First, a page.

5. Failing to adhere to standard search periods. Make sure the search goes back far enough to meet your state’s requirements. States usually have a 20, 30, 40, or 50-year requirement for platted land up to the last warranty deed. In Illinois, residential, platted land, requires a 20 year search period. This means that if you are doing a search in 2019, the examiner would have to go back to the last warranty deed between unrelated parties occurring before 1999. For property where there is no prior policy, a full title search is usually required. If you’re conducting searches in other states, be sure to reference your underwriter’s guidelines to ensure your adhering to each region’s regulations.
6. Relying on another title examiner’s work, the title report, or one of your own past searches to issue a policy. Examine the prior policy to ensure it was backed by a comprehensive search. Title reports may not have all the most current information. Relying on a title search that your company or another previously completed may help save time, but it also means that new liens or errors in the public record may go undiscovered before closing.
7. Failing to review chain documents and ensure there are no missing instruments. Be sure to review instruments on the schedule B and lender documents carefully to find defects in the chain of title before issuing a policy. Not too long ago, one of our Release Tracking and Title Curative Specialists worked on a case involving a missing mortgage satisfaction and mortgage assignment for a 32-year-old mortgage. The client was able to avoid settling the defect through quiet title and close on time.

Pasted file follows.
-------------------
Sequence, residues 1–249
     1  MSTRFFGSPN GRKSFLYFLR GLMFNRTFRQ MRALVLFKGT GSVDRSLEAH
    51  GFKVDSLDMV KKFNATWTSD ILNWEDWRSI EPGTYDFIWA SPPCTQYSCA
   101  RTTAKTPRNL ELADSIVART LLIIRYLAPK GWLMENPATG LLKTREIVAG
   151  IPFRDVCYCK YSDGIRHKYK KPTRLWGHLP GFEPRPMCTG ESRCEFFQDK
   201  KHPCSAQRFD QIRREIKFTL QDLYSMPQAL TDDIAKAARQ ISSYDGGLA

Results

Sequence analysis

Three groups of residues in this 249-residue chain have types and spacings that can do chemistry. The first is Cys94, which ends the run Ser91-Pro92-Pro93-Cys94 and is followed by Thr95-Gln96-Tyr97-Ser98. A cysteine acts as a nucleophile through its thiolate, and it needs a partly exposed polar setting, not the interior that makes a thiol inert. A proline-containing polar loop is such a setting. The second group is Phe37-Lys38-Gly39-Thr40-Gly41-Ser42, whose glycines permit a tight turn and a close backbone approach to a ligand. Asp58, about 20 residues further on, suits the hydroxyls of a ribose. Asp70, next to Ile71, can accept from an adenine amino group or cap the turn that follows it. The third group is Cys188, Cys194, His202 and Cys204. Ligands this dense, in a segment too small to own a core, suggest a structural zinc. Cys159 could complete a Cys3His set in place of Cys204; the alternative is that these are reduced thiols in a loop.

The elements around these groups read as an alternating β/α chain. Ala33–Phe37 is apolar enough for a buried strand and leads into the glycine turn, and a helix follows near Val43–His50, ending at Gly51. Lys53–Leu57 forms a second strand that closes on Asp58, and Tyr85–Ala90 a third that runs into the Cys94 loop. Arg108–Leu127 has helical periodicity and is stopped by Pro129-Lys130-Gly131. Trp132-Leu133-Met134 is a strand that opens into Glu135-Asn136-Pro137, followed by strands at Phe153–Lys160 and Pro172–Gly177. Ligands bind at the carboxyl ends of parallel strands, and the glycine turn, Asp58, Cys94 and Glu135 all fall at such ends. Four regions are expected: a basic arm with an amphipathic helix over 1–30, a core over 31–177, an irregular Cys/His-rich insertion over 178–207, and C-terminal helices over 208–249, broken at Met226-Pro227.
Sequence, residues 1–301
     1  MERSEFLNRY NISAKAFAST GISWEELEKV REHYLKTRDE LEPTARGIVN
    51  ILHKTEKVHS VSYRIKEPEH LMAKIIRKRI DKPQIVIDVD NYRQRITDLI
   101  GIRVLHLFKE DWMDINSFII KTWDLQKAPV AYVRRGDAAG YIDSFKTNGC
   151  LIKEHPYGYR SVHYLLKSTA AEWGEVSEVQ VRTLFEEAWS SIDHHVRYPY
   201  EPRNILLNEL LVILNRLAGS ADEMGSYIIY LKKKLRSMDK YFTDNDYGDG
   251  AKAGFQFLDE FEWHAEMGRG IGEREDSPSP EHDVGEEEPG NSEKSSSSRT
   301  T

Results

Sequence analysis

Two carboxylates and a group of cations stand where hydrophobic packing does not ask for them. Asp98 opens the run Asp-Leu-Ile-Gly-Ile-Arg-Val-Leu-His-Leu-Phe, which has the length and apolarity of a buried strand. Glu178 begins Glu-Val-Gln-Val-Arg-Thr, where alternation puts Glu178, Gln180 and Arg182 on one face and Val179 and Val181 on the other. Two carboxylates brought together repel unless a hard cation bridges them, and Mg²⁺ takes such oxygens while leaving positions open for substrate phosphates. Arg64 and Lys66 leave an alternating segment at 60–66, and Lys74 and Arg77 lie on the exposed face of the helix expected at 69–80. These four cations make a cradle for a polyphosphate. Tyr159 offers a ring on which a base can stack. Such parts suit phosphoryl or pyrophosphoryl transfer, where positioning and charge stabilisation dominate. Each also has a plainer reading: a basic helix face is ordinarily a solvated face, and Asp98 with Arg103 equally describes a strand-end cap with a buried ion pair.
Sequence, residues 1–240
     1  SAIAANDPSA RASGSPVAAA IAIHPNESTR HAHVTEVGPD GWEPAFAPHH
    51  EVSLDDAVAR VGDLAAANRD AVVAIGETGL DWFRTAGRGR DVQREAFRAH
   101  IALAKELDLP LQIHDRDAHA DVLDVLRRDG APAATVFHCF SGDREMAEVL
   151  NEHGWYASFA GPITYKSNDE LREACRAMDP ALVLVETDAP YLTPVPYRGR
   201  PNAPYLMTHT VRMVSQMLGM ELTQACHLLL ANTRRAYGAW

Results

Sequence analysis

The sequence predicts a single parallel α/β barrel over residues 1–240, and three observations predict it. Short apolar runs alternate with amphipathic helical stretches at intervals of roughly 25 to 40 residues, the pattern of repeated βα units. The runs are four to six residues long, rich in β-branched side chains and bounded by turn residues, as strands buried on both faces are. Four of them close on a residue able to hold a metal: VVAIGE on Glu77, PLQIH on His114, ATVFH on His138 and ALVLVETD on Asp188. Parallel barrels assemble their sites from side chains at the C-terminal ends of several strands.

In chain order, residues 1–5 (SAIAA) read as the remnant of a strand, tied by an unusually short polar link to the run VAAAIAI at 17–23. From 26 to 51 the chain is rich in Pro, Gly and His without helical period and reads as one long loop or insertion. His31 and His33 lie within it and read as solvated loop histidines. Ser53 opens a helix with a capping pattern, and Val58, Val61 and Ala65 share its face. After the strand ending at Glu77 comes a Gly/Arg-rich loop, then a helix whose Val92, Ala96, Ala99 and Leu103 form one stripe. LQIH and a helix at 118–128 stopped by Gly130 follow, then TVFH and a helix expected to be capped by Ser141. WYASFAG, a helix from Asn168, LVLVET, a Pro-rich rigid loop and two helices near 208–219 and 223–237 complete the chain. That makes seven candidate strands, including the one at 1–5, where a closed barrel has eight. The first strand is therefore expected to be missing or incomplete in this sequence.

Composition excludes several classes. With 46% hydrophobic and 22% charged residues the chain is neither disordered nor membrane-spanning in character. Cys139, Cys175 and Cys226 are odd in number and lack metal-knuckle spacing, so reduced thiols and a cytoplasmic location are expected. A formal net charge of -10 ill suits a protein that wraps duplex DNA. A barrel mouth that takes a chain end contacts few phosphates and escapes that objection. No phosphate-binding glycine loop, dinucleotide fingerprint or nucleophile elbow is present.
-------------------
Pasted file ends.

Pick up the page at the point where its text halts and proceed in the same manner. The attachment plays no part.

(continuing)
8. Failing to review court proceedings that grant title rights for errors. If there was a transfer of title due to a court ruling, like quiet title, foreclosure, or bankruptcy, those documents should be examined for any issues that might affect the title.
9. Failing to pull back title notes where a short search is used. Exceptions and requirements from the prior title work should be used in the current title insurance commitment and policy.
10. Using a current owner search in lieu of performing a full title search for a purchase transaction. Of course, what is considered a “full” search is subjective. These searches may be suitable for a refinance, but most underwriters will only allow a limited search like this if the current owner possesses a general warranty deed and financed their transaction with a loan. Most underwriters will also require the judgment index be searched for a ten year period, regardless of how long the current owner has been on title.
11. Not reviewing the work of your title examiners. A second pair of eyes is always good when issuing a Title Commitment. Consistent reviews should be a part of your written procedures.
Avoid headaches with the right title support partner
If you want more title tips, be sure to download our guide on How to Avoid Quiet Title. You’ll find more information that’s great to share with colleagues or if you’re a homebuyer or investor wanting to learn more about a title agent’s role in protecting your title rights.
PropLogix offers title support services like Release Tracking and Title Curative work to help busy title companies and law firms prevent and clear title defects. Get more details about our pricing options here.